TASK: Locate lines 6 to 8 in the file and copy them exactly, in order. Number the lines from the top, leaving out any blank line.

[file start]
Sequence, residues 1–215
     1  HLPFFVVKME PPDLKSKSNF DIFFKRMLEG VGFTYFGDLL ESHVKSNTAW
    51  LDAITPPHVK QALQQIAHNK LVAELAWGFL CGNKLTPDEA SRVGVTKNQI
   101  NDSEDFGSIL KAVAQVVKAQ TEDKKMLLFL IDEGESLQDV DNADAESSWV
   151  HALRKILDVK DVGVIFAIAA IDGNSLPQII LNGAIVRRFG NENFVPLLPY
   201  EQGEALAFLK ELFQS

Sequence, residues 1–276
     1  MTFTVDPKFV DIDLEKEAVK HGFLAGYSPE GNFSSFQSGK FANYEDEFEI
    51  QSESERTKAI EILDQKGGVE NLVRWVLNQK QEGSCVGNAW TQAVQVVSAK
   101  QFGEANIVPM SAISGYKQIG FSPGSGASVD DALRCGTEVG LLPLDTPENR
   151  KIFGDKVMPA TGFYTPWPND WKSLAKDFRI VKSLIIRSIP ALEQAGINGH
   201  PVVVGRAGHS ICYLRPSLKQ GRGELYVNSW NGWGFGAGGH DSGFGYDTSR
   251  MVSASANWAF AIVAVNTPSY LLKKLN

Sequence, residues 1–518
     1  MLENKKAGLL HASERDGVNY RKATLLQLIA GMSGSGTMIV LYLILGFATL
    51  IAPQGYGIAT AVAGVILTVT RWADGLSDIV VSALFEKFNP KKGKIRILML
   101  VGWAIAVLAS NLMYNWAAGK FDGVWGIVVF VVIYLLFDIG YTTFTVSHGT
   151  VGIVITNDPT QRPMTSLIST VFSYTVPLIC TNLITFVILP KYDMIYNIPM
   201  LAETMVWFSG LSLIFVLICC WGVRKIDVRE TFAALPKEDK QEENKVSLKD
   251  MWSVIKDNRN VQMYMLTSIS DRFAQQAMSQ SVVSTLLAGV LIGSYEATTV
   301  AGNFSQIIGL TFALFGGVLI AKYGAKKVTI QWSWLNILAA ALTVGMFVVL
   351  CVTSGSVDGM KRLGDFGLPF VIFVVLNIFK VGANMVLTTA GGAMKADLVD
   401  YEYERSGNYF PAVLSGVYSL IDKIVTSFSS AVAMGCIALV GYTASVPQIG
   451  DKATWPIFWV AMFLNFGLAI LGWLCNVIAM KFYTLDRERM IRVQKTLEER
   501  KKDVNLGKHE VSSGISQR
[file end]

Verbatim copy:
   201  EQGEALAFLK ELFQS

Sequence, residues 1–276
     1  MTFTVDPKFV DIDLEKEAVK HGFLAGYSPE GNFSSFQSGK FANYEDEFEI